3/18/2003 - Trimble (NASDAQ:TRMB) announced that its innovative Trimble ASCII Interface Protocol (TAIP) has been added to the LassenTM SQ Global Positioning System (GPS) module. TAIP enables system integrators using the Lassen SQ module to add smart tracking capabilities quickly and easily to applications, significantly reducing research and development costs, risk and time to market.
The Lassen SQ is an ultra-low power, postage stamp-sized GPS module for mobile devices such as cell phones, pagers, PDAs and digital cameras. It is also ideal for many smart tracking applications such as object tracking, Automatic Vehicle Location (AVL), theft prevention and recovery, security, cargo, trailer and tractor tracking. With its ultra-low power, the Lassen SQ module only uses 110 milliwatts—the lowest power consumption on the market today. The module, which uses FirstGPS® technology, allows system integrators to add GPS capability to a device with minimal impact on its size or battery life.
Tracking systems typically require developers to write extensive code to manage vehicle identification, time and distance reporting, polling schemes and many others. Now, TAIP protocol packs all that power into the Lassen SQ GPS module, making it a ready-to-use GPS receiver for fleet tracking; TAIP significantly minimizes the amount of code required, while also making it easy to write any necessary code for specific tracking applications.
In addition, TAIP makes it easy for the dispatcher or service center user. The user can automatically assign unique IDs to each vehicle or object and get customized reporting information. Unique IDs allow dispatchers to interact with specific vehicles, as well as disengage or reconfigure individual vehicles via the Internet while in the field at anytime. TAIP includes many features not available with NMEA 0183.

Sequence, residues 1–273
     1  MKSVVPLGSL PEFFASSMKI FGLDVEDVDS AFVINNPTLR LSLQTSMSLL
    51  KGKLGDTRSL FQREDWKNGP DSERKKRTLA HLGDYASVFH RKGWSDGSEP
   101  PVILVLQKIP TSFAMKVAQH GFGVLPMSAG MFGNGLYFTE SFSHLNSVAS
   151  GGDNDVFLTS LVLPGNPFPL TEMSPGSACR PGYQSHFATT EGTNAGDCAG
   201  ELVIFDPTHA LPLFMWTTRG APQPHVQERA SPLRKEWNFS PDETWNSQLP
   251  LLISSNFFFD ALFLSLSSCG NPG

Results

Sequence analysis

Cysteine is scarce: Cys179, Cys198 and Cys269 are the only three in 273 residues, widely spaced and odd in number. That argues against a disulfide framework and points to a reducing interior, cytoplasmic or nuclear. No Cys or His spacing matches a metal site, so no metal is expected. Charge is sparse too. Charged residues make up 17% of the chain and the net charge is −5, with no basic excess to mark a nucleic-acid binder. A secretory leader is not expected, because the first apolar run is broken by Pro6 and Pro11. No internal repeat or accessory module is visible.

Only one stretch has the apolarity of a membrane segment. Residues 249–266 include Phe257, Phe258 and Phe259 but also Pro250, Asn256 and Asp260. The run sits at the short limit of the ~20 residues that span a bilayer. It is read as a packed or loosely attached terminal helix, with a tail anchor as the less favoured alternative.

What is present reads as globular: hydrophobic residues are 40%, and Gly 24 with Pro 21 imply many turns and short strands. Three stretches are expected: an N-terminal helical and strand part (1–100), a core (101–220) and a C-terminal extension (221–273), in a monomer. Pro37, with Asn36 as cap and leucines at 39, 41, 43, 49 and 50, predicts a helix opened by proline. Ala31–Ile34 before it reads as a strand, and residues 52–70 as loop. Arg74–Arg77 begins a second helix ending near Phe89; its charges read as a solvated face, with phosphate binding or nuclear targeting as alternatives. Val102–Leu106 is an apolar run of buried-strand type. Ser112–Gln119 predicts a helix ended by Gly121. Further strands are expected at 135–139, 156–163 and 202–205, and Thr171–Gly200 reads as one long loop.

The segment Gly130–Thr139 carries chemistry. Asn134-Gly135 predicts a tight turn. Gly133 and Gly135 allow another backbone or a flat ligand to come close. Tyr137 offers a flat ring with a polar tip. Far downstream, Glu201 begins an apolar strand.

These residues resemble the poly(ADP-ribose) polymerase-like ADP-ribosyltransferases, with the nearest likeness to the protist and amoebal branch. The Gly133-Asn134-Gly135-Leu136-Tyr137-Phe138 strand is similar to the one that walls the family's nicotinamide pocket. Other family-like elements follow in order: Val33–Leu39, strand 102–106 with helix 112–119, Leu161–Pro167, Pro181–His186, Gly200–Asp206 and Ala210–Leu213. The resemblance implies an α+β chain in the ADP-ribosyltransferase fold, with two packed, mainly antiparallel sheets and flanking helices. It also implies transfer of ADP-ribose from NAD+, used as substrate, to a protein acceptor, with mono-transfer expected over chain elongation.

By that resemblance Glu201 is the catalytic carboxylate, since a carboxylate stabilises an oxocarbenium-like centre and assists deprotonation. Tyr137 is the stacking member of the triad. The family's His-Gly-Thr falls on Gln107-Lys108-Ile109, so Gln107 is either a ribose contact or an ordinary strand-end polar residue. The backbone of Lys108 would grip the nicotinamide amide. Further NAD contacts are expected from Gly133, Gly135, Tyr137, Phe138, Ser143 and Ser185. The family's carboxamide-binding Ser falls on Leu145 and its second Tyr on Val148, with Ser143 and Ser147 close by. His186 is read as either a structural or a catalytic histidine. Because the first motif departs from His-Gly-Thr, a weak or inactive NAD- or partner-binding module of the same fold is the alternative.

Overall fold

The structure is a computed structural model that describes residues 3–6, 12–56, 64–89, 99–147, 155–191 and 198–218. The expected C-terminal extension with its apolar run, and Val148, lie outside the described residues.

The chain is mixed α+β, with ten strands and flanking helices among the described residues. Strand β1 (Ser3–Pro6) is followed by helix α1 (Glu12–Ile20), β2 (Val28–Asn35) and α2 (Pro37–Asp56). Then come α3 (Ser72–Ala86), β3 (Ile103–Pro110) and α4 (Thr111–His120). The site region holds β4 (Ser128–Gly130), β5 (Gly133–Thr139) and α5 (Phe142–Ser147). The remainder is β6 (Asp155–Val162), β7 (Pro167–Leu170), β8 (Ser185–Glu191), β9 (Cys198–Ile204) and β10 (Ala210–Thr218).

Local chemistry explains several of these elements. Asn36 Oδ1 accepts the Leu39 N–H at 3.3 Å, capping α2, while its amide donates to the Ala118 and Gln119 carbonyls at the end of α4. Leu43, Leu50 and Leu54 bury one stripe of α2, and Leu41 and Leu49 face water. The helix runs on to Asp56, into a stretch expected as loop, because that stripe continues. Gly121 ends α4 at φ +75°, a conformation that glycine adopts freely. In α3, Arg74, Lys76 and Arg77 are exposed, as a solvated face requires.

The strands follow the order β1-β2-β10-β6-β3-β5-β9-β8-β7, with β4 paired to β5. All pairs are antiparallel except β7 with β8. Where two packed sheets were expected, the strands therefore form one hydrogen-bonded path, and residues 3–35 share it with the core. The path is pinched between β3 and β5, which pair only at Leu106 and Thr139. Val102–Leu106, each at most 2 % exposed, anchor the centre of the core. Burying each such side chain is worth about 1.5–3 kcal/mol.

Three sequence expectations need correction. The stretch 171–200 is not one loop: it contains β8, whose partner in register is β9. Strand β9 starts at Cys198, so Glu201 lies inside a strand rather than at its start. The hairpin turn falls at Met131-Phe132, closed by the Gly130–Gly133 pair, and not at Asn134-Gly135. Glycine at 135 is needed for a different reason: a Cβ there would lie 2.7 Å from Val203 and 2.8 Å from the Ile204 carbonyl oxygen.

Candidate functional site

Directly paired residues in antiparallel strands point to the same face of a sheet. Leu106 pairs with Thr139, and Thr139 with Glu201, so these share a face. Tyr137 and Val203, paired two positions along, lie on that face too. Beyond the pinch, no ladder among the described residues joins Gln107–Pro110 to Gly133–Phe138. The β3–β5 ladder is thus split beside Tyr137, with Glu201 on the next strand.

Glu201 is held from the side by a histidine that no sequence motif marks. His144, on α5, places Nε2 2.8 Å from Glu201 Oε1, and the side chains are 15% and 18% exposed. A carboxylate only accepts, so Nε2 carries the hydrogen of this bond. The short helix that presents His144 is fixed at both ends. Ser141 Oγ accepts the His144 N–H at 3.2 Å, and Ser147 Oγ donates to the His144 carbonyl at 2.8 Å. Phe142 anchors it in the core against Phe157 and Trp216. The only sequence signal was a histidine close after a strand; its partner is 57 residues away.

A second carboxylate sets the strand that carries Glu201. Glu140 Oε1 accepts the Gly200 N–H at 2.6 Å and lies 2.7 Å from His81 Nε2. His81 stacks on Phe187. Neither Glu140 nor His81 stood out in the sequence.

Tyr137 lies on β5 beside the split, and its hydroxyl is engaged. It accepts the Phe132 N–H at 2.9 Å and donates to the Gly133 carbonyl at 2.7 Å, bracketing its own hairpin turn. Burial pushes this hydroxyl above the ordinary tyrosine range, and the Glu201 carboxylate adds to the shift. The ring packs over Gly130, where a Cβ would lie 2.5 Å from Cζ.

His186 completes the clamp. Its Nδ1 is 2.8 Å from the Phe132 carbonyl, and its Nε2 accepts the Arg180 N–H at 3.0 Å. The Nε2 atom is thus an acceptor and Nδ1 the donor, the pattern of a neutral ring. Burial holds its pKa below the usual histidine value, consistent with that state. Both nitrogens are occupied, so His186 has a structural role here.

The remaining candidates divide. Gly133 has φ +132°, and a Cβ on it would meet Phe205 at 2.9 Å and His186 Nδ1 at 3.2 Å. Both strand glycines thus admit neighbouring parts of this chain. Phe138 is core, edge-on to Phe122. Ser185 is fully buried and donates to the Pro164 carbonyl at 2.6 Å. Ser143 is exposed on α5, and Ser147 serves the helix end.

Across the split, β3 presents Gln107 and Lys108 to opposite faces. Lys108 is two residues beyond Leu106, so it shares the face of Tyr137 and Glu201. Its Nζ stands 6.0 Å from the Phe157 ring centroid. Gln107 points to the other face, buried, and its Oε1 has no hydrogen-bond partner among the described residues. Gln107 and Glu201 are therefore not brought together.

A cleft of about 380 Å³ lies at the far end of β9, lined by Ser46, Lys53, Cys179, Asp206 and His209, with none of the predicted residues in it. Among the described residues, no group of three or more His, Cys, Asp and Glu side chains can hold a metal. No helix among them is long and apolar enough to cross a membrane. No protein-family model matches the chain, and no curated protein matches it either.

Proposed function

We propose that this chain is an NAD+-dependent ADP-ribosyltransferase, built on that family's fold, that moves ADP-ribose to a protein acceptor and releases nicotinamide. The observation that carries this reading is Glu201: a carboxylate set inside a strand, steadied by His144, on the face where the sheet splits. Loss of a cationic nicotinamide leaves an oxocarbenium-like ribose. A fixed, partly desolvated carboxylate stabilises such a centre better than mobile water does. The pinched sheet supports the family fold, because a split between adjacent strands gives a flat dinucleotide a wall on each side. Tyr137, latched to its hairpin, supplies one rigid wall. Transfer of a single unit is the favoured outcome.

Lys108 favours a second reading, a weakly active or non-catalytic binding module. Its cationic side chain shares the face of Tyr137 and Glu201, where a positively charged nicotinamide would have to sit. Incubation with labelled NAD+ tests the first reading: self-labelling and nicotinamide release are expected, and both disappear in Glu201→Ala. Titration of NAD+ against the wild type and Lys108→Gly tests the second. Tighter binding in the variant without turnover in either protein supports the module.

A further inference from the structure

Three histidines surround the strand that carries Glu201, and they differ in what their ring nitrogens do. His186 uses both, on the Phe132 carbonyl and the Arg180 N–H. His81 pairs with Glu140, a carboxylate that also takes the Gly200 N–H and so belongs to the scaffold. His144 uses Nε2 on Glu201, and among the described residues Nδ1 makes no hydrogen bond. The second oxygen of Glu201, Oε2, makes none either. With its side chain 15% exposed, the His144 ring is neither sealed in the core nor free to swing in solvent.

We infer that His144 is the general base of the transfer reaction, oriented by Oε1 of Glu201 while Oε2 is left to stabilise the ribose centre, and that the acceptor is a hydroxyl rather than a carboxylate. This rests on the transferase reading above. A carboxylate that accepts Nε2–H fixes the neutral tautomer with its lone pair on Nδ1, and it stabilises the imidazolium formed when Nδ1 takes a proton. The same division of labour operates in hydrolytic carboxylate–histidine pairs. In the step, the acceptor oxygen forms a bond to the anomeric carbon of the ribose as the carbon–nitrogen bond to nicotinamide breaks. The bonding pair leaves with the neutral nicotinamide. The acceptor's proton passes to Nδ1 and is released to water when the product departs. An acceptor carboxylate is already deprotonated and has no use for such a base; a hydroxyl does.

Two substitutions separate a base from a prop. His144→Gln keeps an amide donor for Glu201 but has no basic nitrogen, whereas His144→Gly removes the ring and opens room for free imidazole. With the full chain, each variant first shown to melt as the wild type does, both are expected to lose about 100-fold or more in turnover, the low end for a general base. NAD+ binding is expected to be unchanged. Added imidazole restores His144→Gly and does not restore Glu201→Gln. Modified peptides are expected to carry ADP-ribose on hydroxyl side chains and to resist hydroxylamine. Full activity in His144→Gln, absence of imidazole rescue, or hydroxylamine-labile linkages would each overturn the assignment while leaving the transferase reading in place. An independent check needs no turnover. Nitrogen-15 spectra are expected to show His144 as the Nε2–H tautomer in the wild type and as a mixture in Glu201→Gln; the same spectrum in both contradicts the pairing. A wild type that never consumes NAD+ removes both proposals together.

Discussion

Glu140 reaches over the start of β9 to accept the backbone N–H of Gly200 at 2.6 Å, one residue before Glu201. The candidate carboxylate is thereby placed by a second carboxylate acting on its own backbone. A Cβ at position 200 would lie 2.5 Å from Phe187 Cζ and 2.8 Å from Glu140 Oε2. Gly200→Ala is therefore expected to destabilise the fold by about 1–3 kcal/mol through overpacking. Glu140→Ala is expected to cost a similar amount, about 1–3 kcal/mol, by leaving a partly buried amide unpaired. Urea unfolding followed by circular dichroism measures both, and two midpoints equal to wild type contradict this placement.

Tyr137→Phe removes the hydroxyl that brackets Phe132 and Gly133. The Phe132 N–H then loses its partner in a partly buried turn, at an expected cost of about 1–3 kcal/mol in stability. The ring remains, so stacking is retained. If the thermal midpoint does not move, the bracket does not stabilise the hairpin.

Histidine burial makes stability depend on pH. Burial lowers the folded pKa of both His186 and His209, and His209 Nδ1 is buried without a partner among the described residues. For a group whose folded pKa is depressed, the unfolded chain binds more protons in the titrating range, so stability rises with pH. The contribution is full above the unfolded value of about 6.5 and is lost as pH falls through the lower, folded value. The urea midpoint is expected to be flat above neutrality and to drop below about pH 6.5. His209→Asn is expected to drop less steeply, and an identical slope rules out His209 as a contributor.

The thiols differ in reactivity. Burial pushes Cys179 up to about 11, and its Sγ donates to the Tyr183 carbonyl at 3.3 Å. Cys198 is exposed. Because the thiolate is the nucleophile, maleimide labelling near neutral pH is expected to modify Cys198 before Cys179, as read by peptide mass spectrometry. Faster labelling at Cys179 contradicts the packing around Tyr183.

"Adding TAIP to the Lassen SQ means that our lowest-power, smallest GPS module now carries our most powerful protocol for smart tracking applications," said Joel Avey, director of marketing for Trimble's Component Technologies Division. "And because it also minimizes any engineering required, it's a win-win for integrators."
TAIP is a standard protocol embedded in other Trimble GPS modules, including the ACE III GPS receiver, the Lassen SK II and Lassen LP GPS modules.
Existing users of the Lassen SQ GPS module can upgrade to TAIP for no charge.
Trimble is a leading innovator of Global Positioning System (GPS) technology. In addition to providing advanced GPS components, Trimble augments GPS with other positioning technologies as well as wireless communications and software to create complete customer solutions. Trimble's worldwide presence and unique capabilities position the Company for growth in emerging applications including surveying, automobile navigation, machine guidance, asset tracking, wireless platforms, and telecommunications infrastructure. Founded in 1978 and headquartered in Sunnyvale, Calif., Trimble has more than 2,000 employees in more than 20 countries worldwide.
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